Tuesday, August 13, 2013


I've been a bit out of things of late, so I am late both in discovering, and in passing on the news that, not only can you watch two days of the Worlds online this weekend, but you can also get a live stream of various events at the Piping Live! festival which is held in Glasgow in the week (I mean this one, of course) leading up to the Worlds. The varied program encompasses solo piping, band concerts, pipes as part of non-piping ensembles, and who-knows-what-else. I'm catching a bit of the quartet competition right now, and am enjoying it to no end.

Sunday, August 4, 2013

And the Annual Public Service Announcement

The World Pipe Band Championships is the weekend of the 17th. They've gone to a new, two-day format this year; none of the bands are pre-qualified, and all play off on Saturday to compete on Sunday. You can see it all here.

Sunday Within the Octave of Five Months After St. David's Day

Back at Easter I got to spend a wee bit of time at my sister's house which meant, of course, that I got to spend an even weer bit of  time browsing through her (very fine) bookshelf. I chiefly remember that I was very tired at the time, and that I ran across a book of poetry from World War I that was full of things I had never read. I sleepwalked through a couple of things by John Masefield that I quite liked, but was thoroughly enchanted by a piece by Ivor Gurney called "First Time In." One doesn't usually expect memories of the front lines to delight, but this poem was downright beautiful, and in my groggy state, rather unusually vivid. It didn't neglect the horror inches away "under the gun's noise," but I found something mightily heartening in the notion of men singing, even there.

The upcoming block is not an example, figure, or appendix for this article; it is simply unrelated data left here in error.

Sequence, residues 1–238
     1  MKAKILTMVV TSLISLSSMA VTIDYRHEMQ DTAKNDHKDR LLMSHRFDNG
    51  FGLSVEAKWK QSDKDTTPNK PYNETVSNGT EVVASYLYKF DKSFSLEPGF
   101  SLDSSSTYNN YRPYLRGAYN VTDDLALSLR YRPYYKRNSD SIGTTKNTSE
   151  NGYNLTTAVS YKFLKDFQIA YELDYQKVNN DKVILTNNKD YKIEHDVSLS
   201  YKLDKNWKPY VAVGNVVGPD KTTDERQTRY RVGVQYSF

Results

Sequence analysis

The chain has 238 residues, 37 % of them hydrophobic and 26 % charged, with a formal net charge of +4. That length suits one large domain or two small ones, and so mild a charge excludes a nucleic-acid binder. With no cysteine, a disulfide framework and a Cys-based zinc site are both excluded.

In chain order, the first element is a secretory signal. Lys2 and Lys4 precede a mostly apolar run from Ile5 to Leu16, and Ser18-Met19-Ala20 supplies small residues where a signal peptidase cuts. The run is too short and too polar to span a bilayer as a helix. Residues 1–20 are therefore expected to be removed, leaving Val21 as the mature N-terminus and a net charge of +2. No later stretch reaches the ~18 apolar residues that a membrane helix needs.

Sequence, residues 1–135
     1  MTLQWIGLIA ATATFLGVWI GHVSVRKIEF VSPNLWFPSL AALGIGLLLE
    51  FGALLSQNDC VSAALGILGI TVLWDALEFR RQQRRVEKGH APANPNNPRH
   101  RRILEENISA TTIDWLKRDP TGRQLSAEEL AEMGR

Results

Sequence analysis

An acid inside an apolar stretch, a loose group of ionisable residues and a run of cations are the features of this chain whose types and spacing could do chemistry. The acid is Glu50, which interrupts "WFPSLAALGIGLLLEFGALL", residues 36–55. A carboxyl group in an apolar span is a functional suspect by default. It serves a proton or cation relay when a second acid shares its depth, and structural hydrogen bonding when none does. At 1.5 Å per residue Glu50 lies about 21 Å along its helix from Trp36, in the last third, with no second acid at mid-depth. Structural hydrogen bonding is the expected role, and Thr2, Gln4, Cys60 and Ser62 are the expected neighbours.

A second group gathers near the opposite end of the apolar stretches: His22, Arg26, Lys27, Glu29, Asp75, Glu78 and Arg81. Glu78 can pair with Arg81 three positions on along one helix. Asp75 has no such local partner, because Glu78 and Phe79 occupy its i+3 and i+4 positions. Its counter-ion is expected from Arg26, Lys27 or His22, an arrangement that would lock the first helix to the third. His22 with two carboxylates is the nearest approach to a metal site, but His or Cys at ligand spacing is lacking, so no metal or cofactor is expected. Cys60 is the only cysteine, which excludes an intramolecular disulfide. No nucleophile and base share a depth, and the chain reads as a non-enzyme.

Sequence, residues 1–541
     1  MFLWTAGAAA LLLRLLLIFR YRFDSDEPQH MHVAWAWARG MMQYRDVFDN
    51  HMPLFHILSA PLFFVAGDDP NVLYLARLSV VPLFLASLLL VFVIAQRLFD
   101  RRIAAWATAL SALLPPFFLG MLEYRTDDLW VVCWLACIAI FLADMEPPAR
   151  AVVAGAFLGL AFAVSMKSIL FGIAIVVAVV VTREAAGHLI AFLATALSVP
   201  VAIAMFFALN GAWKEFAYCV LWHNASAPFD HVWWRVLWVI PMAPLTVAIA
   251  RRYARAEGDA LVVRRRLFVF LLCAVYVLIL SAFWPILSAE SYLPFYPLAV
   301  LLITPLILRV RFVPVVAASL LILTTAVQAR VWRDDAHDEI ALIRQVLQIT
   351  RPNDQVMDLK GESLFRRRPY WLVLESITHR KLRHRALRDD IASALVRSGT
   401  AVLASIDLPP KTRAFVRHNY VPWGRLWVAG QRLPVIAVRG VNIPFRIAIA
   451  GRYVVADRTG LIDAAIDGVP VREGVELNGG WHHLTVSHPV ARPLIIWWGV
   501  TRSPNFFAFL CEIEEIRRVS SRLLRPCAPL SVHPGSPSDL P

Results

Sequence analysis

It's been a busy year (and I am easily distracted, yes); it finally occurred to me last week that I wanted a copy of the poem I could link to here, so I started digging around. The First World War Poetry Digital Archive is quite impressive; you can look over poets' shoulders and read multiple drafts of all sorts of things, complete with scribblings-out and ink spots.

But then Google led me to this post, which was meant for St. David's Day, and has no less than three poems about Welsh soldiers singing (and a bonus bit about a goat, not to mention a bonus bit about "Sospan Fach"). So, if you like, you can scroll down until you find Gurney's poem that starts "After the dread tales. . ." or, you can (and you really should) read the whole thing.